Most of the country may think Christmas shopping season starts today, but Dan Klein, 41, knows better. He's the store manager of the Kmart on Connecticut Avenue in Silver Spring, and yesterday found him in "the eye of the hurricane."
That's what he calls Thanksgiving--a day when most retailers were dark and Kmart had the crowds to itself.
The Silver Spring store was open from 7 a.m. until 9 p.m., with Klein on the job from 5:15 a.m. till 3 p.m.
Speed-walking through the store, dodging shopping carts and straightening displays, Klein kept up a constant chatter with his employees, his bright yellow walkie-talkie standing out against his light blue shirt. As he walked, the advertising flyer from the morning's newspaper flapped from a back pants pocket.
"I've got to be moving on a day like today," he said. "It's called 'manage by walking.' "
Kmart has been doing business on Thanksgiving since 1991, betting that people would come out before and after the big meal, whether for fun or to get a leg up on the next holiday.
Stephanie Dickens and Jose Gelabert, an engaged couple who just bought a new house in Odenton, seemed happy to prove the company right. Their shopping cart was piled high with gifts--gilded picture frames and candles--but also with things for the new house, like pillows and a comforter. And necessities like socks.
"We came because we were bored," said Dickens. Gelabert, pointing at the overflowing cart, added: "We're going hog wild."
And so were others. A few people were buying last-minute items for their dinner. But people were also trying on coats, crowding the CD section, pulling toasters from the shelves and plucking the ornaments right off a rotating Christmas display.
Bea Cliber and her daughter Amy, both of Aspen Hill, had intended a quick trip to pick up folding chairs advertised that morning. But now their cart was jampacked with facial sponges (they are professional clowns and use them for makeup), pickles, Christmas decorations and soft drinks to consume while waiting in line. And, oh yes, the chairs.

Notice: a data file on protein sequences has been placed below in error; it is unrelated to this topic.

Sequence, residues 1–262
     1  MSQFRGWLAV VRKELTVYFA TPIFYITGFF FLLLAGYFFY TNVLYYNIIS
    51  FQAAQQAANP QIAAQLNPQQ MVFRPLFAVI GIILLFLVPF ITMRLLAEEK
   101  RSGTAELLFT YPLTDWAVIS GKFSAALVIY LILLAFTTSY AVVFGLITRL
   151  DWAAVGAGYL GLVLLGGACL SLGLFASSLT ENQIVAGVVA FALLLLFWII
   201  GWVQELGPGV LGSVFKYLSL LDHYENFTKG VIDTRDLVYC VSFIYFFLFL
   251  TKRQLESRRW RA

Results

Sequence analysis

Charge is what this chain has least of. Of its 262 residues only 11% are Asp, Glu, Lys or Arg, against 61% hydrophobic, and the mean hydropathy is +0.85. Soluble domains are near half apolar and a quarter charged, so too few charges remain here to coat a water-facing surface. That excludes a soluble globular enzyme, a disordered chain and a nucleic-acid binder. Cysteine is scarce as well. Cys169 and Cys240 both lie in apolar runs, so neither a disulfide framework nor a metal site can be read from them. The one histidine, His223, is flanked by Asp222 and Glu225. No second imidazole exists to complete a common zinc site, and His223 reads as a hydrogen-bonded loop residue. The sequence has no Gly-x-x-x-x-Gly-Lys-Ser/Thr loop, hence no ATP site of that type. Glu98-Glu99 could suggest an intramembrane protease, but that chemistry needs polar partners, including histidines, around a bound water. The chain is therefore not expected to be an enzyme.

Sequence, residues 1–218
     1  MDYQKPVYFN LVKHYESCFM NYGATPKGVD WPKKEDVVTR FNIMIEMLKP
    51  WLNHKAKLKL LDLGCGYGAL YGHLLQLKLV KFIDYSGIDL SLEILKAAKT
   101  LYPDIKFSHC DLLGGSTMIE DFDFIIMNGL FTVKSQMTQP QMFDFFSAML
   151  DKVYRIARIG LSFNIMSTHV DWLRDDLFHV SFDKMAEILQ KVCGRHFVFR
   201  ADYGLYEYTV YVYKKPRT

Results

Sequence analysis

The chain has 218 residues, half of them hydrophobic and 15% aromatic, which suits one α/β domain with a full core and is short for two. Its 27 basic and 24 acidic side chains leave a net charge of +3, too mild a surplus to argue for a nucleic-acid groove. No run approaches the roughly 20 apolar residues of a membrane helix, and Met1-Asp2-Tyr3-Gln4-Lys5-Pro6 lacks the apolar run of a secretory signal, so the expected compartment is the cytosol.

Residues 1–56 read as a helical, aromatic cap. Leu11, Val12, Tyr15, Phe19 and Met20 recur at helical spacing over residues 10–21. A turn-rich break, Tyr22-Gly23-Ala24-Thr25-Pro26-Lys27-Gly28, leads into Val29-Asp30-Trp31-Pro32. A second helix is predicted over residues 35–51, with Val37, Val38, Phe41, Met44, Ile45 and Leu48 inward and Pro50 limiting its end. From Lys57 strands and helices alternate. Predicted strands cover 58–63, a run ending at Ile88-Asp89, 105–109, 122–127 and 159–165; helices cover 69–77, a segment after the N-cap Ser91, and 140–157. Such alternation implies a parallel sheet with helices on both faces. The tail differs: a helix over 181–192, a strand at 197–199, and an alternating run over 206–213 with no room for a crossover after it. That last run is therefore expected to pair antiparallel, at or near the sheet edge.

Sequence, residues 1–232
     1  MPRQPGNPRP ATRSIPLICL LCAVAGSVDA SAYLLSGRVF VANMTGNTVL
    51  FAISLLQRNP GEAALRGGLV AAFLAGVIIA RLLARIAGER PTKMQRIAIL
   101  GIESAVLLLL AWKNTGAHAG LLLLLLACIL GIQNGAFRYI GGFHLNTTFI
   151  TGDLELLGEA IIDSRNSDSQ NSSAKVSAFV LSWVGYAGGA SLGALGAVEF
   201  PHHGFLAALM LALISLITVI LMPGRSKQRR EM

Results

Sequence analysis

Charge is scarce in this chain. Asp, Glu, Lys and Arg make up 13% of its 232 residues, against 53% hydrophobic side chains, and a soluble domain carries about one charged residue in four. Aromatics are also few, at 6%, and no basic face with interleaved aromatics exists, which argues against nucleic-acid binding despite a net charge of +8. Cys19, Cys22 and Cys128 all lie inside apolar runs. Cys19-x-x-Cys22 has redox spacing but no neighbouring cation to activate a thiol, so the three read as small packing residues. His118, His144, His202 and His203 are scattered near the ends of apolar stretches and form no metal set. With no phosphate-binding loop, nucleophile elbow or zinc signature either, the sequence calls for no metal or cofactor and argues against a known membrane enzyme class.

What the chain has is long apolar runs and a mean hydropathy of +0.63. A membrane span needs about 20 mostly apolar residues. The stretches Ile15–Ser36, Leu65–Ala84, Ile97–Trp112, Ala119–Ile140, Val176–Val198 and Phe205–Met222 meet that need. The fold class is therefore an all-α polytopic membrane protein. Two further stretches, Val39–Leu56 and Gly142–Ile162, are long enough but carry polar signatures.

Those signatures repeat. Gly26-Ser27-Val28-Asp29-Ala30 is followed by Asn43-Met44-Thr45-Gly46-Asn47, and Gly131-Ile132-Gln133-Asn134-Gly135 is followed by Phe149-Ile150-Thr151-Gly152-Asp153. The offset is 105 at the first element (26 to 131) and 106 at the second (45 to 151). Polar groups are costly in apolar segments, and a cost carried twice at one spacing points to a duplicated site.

They were going back to cook for the holiday at hand. "We couldn't drag my husband," said Bea Cliber.
Meanwhile, Klein was practically flying through the store, scanning for problems, things out of place.
"This is the worst day," said Klein, who has been at this Kmart for two years and with the company for 19, when asked if a reporter could trail him around.
On most days, he'd have some backup. "I gave the rest of the managers off today," he said. "It is Thanksgiving."
And so he spent the day locating a mirror for someone one moment and approving a gun purchase the next.
In a back room, Thanksgiving dinner was laid out for the salesclerks. Topic of conversation? How fast the $98 color televisions, one of the day's "superbuys," had sold.
The TVs were the big hit of the day, selling out by 11 a.m. The little Furby Babies, widely touted as a hot toy, were the bust, with big displays being mostly ignored.
Klein looked wistfully at the toys, now moved onto a rolling cart. "We'll take them off the floor."
At about 1:15 p.m., Klein leaned against a display. He looked at the thinning crowd. After years of working Thanksgiving day, he knew the drill. "Now they're going to their relatives' house," he said.
The second wave, the ones who ate earlier in the day, would crowd in after 3 p.m. During this lull, Klein sent his employees to "recover" the store: hanging up the clothes, replenishing the poinsettias, reorganizing the piles of Christmas lights.
Kmart, like other retailers, has felt the impact of a jobless rate that, in October, fell to 4.1 percent. But Klein said the closing of Hechinger stores in the region brought it some new workers. His eyes lit up at the mention of the recent liquidation of local Filene's Basement stores. "Oh, yeah!" he said.
By now Klein wasn't alone. Medure Hatchett, soft-lines manager, had arrived at 1 p.m. and would work until 10 p.m. She wouldn't see her family in Danville, Va., until Christmas. "It's retail," she said, as though that explains everything.
With Hatchett in place, Klein got to go home at 3 p.m. to Frederick, where his wife and two teenagers were cooking dinner.
Before he left, he looked around at the overflowing shopping carts filling the 16 checkout lines. Furbies notwithstanding, "We'll close very strong," he said.
CAPTION: Silver Spring Kmart manager Dan Klein, right, uses a walkie-talkie to keep in touch with his employees while he watches Thanksgiving Day customers check out.